Aedes (Howardina) bahamensis Berlin (or Howardina bahamensis of Reinert et al. 2004) is an exotic species first detected in the United States in 1986 from eggs and adult females collected in Miami-Dade and Broward counties, Florida (Berlin 1969; Pafume et al. 1988; O'Meara et al. 1989). In the U.S., immature Ae. bahamensis are chiefly found in artificial containers (e.g., abandoned tires, cemetery vases, etc.) and exotic tank bromeliads (O'Meara et al. 1995a). Although Ae. bahamensis readily feeds on humans, it is not a major pest or disease vector. However, the immature stages are frequently found in habitats that are also known to harbor 2 medically important mosquito species: Ae. albopictus (Skuse) and Ae. aegypti (L.) (O'Meara et al. 1995b; Lounibos et al. 2010). Morphological differences between these 3 species provide useful characters that readily distinguish the egg, larval, and adult life stages (Linley 1989; Darsie & Ward 2005). Nevertheless, a molecular method to identify Ae. bahamensis would be useful to confirm the identity of damaged adult specimens collected in fan-based traps and would allow rapid identification of the species at any life stage. Here we report the rDNA second internal transcribed spacer (ITS2) sequence and a species-specific PCR primer for the identification of Ae. bahamensis.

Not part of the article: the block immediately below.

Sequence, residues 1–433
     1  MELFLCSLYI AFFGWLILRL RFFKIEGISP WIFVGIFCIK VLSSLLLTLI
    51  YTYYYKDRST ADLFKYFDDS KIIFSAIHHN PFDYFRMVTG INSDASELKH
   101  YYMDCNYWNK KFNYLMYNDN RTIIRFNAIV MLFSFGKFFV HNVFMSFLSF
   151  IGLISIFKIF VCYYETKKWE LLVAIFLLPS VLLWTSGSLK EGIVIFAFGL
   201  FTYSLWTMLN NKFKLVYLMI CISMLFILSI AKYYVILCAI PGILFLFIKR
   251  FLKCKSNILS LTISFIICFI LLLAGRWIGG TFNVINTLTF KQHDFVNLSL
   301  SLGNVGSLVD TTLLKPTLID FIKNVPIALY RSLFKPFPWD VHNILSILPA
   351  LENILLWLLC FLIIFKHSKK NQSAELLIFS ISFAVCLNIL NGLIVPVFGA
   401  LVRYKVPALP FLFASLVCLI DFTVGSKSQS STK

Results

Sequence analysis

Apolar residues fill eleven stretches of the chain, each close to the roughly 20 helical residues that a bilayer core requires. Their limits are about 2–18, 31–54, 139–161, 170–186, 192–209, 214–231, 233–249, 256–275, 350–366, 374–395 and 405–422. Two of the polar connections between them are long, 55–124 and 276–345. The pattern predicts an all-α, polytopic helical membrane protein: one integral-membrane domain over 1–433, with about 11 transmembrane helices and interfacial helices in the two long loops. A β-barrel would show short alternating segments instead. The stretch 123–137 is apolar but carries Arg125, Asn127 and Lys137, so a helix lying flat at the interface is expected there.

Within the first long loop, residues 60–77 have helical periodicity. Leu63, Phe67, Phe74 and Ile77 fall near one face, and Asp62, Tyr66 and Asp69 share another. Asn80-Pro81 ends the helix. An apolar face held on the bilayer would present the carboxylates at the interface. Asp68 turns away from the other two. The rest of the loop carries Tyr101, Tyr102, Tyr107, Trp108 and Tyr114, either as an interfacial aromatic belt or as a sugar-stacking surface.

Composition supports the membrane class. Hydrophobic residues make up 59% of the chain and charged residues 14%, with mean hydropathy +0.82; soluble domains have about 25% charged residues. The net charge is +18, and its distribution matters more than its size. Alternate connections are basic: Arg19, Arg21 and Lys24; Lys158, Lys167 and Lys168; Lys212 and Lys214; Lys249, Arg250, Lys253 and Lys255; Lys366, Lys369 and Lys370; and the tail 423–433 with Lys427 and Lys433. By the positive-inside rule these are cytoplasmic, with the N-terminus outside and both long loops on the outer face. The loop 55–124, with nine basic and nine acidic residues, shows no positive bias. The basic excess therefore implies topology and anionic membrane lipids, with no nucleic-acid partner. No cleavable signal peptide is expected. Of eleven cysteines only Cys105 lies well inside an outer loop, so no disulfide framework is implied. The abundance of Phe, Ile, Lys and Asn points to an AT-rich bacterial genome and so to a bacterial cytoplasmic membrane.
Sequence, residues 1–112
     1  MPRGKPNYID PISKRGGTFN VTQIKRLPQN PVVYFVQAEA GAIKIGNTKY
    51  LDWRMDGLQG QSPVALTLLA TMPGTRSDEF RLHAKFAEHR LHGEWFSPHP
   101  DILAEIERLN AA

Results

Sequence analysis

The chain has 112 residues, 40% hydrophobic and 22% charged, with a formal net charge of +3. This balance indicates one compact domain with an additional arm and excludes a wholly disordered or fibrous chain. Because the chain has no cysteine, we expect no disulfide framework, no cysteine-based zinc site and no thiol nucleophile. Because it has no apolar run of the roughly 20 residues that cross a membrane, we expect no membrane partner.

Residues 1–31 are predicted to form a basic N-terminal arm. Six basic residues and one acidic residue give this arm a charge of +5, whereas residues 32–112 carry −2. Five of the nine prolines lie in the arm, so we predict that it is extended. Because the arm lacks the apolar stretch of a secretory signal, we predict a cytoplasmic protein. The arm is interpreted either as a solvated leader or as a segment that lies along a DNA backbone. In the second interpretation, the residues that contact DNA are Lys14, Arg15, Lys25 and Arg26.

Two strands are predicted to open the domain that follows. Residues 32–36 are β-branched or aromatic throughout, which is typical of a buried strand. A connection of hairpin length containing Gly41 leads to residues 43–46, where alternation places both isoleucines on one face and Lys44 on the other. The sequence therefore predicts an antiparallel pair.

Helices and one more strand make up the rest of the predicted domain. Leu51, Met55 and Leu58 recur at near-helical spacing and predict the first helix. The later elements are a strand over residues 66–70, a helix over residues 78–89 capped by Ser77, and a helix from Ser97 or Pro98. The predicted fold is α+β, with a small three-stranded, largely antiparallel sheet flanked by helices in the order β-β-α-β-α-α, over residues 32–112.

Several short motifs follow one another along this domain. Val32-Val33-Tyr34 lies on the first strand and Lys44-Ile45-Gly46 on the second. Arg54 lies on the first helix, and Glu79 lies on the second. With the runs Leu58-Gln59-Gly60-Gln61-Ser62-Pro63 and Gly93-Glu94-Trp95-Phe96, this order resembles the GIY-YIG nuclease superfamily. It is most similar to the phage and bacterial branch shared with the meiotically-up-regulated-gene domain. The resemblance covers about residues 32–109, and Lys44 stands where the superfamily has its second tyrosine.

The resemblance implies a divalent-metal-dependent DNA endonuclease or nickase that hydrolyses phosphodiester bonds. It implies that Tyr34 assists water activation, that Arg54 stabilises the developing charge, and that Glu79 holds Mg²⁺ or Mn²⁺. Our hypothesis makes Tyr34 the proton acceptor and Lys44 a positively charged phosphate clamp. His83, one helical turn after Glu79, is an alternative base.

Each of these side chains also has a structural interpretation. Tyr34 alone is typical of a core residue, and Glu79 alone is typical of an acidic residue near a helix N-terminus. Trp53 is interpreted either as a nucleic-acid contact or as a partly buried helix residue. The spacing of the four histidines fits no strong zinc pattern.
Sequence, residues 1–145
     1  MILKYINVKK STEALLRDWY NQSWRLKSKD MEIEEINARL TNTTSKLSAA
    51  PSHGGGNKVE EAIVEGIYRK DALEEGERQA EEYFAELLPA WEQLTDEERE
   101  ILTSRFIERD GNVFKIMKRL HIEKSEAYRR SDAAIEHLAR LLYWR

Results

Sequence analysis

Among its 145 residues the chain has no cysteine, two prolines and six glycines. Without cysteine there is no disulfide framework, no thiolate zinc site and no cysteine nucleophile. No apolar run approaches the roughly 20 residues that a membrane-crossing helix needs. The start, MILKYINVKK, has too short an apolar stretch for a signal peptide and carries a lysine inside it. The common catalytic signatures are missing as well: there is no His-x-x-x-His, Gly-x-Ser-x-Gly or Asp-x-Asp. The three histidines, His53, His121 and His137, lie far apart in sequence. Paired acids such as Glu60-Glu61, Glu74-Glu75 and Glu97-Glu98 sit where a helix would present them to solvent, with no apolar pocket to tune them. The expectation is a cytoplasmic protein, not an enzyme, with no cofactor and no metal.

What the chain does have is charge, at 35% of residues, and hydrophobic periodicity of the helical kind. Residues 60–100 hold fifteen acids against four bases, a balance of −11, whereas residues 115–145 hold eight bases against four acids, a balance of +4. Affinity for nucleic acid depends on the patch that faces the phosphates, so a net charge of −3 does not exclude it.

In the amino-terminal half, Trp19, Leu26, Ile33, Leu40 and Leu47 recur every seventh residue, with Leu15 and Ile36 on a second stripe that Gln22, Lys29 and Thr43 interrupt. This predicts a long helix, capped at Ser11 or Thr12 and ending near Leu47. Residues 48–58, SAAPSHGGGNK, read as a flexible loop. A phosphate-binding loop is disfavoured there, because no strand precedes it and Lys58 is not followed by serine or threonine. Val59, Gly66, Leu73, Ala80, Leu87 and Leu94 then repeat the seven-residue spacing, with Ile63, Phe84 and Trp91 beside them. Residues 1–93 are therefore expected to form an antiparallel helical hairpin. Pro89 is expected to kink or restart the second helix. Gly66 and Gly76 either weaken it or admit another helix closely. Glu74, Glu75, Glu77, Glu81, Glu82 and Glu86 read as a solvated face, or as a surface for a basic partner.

Specimens of Aedes bahamensis were obtained from colony material maintained by GFO at the Florida Medical Entomology Laboratory (Vero Beach, Florida) and field samples collected by BDB. Field collected specimens were identified using key characters described by Darsie (1992). Total DNA was obtained from adult specimens (8 colony and 14 field) using the Qiagen DNeasy kit (Qiagen, Valencia, California) or the DNAzol reagent (Molecular Research Center, Inc., Cincinnati, Ohio) per the manufacturers' instructions. The resulting extractions were PCR amplified in 50 µL reactions using the Invitrogen PCR Supermix (Invitrogen, Carsbad, California). Each reaction mixture contained 3 µLs of DNA template (4– 35 ng/µL), 1 µL of each forward and reverse primer (200 nM final concentration), and 45 µL of the PCR supermix. Amplification cycling conditions were 94 °C for 5 min followed by 35 cycles of 94 °C for 1 min, 54 °C for 30 s and 72 °C for 1 min. The CP-P1A/P1B primer pair was used to amplify the complete ITS2 (Fig. 1) (Wesson et al. 1992). A negative control (H2O en lieu of DNA template) was included in each run. PCR amplicons were visualized on a 1.5% agarose gel. There were no obvious infraspecific amplicon size polymorphisms. The PCR products were gel purified with the Qiaquick Gel Extraction kit (Qiagen) and subsequently cloned into the pCR 2.1 TOPO vector (Invitrogen). Purified plasmids were obtained using the Promega Wizard Plus SV miniprep kit (Promega, Madison, WI) and then sequenced (n = 10) using the Applied Biosystems (Carlsbad, CA) Big Dye Terminator V3.0 chemistry by the Davis Sequencing Facility, University of California (Davis, California). The sequences were verified as ITS2 after evaluating the results of an NCBI BLAST query, secondary structure analysis, and the identification of specific sequence motifs known to exist on the ITS2 of mosquitoes (Coleman 2007). Novel ITS2 sequences, partial 5.8S, and partial 28S sequences for Aedes bahamensis were annotated and representative samples were submitted to the NCBI GenBank (Accession numbers: JN020552, JN020553) (Keller et al. 2009).